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Mitt Romney pitches smaller government: Is his target realistic?

While President Obama sees sizable government as fostering economic growth, Mitt Romney wants to cap federal spending at 20 percent of GDP. Is that goal feasible – and economically helpful?

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By the way, why is the 24.3 percent figure so different from the 42 percent one he cited in the debate? The answer is that higher figure is one that includes state and local governments, tallied by the international Organization for Economic Cooperation and Development.

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Romney hasn't offered a full plan on how to reach his goal, says Maya MacGuineas, president of the Committee for a Responsible Federal Budget. Voters deserve more specifics, she argues, so they can weigh the idea's costs and benefits.

Obama tried to nudge Romney on this point in the debate: "You know, his running mate, Congressman Ryan, put forward a budget that reflects many of the principles that Governor Romney's talked about. And it wasn't very detailed. This seems to be a trend. But ... if you extrapolated how much money we're talking about, you'd look at cutting the education budget by up to 20 percent."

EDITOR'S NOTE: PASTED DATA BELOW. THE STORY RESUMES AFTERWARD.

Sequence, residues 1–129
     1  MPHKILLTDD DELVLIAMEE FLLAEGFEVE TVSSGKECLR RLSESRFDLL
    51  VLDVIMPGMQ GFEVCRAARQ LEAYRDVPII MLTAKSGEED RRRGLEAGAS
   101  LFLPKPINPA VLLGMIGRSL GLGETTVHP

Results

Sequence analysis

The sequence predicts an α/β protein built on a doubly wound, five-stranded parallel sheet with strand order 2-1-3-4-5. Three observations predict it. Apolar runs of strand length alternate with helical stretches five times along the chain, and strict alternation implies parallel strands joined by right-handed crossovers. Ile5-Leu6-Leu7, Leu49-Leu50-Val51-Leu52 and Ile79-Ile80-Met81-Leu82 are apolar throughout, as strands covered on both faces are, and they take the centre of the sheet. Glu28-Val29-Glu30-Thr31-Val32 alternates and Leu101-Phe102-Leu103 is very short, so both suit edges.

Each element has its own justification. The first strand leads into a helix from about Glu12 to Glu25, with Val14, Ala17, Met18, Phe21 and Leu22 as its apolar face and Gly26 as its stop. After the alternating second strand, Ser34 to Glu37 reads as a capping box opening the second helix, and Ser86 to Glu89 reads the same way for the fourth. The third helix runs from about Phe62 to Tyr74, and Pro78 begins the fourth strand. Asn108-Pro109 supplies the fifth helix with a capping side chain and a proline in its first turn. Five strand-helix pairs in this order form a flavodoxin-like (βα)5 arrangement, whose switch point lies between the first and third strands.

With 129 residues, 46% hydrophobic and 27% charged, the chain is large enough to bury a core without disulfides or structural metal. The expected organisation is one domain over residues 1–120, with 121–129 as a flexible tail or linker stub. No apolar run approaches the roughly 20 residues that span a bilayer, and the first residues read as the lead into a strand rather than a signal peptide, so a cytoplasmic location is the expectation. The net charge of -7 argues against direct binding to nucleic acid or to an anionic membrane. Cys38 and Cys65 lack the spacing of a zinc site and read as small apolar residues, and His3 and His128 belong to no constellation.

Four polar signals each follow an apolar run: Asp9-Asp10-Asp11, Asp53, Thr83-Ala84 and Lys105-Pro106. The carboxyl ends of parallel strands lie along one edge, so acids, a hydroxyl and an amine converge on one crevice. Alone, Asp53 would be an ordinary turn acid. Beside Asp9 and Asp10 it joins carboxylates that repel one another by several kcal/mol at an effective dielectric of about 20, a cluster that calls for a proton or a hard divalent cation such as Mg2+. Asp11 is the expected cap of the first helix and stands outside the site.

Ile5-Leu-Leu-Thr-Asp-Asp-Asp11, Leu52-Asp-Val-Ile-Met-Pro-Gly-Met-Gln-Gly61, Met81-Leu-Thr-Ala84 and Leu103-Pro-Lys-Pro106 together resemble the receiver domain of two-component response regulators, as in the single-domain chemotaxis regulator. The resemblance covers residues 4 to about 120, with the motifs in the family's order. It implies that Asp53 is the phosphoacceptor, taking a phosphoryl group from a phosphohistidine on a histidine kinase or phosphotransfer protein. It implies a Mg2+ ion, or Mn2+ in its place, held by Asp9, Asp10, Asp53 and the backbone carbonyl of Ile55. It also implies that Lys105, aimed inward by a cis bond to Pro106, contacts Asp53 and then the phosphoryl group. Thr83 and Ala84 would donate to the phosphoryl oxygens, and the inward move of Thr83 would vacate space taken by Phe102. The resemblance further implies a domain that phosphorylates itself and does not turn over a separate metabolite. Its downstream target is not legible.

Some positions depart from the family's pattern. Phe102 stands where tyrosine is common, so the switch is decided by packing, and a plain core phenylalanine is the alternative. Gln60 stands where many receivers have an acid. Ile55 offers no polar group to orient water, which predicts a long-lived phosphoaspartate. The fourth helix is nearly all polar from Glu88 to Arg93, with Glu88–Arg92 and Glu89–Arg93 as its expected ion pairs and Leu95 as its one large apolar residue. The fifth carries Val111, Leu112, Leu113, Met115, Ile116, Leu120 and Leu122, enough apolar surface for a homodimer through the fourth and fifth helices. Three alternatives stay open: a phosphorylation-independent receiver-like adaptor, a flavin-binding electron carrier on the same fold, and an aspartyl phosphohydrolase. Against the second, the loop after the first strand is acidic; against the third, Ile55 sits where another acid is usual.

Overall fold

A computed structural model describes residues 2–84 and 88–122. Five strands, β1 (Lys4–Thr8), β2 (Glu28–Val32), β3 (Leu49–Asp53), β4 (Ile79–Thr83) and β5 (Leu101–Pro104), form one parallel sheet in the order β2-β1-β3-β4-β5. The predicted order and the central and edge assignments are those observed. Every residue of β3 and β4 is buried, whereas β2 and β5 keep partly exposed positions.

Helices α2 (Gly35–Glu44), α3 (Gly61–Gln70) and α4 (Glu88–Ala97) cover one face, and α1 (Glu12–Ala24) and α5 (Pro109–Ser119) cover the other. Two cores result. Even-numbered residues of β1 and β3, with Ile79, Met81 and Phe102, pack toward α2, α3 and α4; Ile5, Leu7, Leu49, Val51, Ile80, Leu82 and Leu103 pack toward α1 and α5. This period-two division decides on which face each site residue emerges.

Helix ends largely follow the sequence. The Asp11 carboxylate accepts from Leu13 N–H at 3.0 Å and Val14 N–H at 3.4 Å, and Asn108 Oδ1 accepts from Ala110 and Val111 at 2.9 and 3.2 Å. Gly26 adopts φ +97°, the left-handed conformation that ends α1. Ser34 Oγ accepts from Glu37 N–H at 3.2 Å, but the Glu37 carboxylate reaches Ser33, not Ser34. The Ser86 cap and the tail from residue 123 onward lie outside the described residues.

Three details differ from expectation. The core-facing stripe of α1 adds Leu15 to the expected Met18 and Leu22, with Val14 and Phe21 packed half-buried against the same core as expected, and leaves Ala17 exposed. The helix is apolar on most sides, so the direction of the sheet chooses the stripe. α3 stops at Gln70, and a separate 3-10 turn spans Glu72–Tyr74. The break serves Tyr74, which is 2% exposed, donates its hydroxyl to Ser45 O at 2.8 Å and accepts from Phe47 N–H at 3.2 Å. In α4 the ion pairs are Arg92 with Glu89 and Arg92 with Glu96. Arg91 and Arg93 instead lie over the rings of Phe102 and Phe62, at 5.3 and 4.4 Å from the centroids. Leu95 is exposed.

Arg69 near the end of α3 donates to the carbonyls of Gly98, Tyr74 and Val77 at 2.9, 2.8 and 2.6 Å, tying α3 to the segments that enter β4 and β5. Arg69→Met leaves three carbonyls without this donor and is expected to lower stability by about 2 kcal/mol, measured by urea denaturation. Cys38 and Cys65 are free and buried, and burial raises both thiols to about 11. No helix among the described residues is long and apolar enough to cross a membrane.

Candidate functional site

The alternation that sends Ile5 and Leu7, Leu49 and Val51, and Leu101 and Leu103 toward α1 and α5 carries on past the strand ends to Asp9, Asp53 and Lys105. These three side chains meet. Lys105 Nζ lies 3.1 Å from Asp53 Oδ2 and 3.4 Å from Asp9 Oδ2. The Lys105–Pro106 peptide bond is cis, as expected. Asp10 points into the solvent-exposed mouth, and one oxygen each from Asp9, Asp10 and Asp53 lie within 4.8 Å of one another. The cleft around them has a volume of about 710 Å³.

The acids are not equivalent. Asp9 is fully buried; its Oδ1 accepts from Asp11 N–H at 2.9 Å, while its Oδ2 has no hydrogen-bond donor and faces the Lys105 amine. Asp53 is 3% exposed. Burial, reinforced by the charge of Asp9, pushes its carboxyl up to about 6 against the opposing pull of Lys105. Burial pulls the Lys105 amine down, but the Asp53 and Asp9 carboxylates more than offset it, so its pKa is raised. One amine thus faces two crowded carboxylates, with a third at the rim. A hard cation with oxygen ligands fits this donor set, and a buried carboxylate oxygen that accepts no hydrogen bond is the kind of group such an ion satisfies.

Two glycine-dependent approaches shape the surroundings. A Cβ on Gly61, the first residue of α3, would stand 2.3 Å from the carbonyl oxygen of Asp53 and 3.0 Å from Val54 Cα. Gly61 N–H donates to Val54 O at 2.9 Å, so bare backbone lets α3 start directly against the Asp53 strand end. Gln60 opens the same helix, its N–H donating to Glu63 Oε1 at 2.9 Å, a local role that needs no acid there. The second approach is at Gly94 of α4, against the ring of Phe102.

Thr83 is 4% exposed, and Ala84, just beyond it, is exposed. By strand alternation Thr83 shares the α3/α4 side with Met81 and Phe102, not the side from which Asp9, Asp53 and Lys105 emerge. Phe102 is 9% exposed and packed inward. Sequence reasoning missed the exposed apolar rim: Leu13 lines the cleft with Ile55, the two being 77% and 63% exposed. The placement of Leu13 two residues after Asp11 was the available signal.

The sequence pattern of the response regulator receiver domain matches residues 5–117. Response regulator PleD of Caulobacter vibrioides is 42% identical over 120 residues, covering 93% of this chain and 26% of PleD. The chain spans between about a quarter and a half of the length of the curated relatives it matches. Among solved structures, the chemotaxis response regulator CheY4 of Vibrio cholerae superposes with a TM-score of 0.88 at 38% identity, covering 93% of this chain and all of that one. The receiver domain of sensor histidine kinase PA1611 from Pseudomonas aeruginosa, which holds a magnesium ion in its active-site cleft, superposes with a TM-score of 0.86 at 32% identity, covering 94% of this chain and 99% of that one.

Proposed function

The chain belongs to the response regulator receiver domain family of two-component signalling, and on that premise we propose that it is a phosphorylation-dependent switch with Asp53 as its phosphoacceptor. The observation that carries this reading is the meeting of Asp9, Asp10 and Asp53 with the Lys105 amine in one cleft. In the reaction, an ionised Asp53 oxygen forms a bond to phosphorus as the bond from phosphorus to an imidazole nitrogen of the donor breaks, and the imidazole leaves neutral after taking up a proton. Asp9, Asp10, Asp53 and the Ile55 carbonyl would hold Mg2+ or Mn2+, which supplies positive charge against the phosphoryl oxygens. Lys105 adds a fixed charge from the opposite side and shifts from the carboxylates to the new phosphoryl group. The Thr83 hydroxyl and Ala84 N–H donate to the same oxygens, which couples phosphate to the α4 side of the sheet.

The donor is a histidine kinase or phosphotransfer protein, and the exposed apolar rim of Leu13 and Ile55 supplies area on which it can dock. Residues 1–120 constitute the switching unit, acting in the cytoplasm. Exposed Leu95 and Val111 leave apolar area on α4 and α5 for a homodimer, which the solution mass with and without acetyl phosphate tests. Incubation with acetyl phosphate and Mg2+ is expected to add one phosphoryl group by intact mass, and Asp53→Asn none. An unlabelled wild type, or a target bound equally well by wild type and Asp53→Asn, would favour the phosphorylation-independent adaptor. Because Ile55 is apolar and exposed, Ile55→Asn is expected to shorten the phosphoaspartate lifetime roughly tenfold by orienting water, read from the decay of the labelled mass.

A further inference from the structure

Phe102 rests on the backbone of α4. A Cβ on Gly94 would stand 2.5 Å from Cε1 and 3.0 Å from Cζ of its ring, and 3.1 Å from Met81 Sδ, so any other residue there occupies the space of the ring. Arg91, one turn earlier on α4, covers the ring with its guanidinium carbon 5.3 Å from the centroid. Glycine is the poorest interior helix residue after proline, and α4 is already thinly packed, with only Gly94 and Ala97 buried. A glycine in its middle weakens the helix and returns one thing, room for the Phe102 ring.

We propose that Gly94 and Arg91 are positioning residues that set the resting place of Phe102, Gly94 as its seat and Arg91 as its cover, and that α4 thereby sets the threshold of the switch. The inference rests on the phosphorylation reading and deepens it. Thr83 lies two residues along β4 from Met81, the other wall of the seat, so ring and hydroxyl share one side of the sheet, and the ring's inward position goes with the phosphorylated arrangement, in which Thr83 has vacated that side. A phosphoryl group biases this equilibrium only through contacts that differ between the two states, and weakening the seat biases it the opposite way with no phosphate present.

"I'm not going to cut education funding," Romney replied.

What he has specified is a three-pronged strategy on spending cuts: eliminate unneeded programs using a China test (is it so important that the United States would borrow money from China to pay for it?), turn other programs back to the states (with block grants to help them pay, in the case of Medicaid and worker training), and "sharply improve the productivity and efficiency" of government.

In the debate, Romney generated Internet buzz by naming Big Bird of "Sesame Street" (along with the Public Broadcasting Service generally) as something he liked but that wouldn't pass his China test. Separately, he has identified Amtrak, funds for family planning, and foreign aid for cuts.

He says he'll cut the federal workforce through attrition and try to repeal the "union giveaway" called the Davis-Bacon Act.

So some guidelines and nuggets have emerged. But those remain different from releasing a detailed plan with line items for each federal agency.

Whether Romney's target is "realistic" is a matter of politics more than economics. There's no magic number for the correct size of government, and budget experts don't call 20 percent impossibly small, given Romney's call for Medicaid block grants to states and his different approach to health-care reform. 

But is his plan viable politically? That's a different question. Ms. MacGuineas is one of many budget experts who say that entitlement reform and other elements of a debt solution will ultimately require bipartisan support. US public opinion appears split, with voters supporting efforts to streamline government but also wary of a "spending cuts only" approach to fiscal reform.

Many economists expect the solution will require a mix of tax hikes and spending cuts. And even if Romney's goal were pursued aggressively over the next decade, some economists doubt the 20-percent-of-GDP level could be sustained against the backdrop of rising baby-boomer retirements after 2020.

"Pressure is just going to grow over the longer term," argues Diane Lim Rogers, chief economist at the Concord Coalition, another group supporting fiscal reform. "Romney really is proposing a much smaller government," going well beyond merely cutting waste, she adds.


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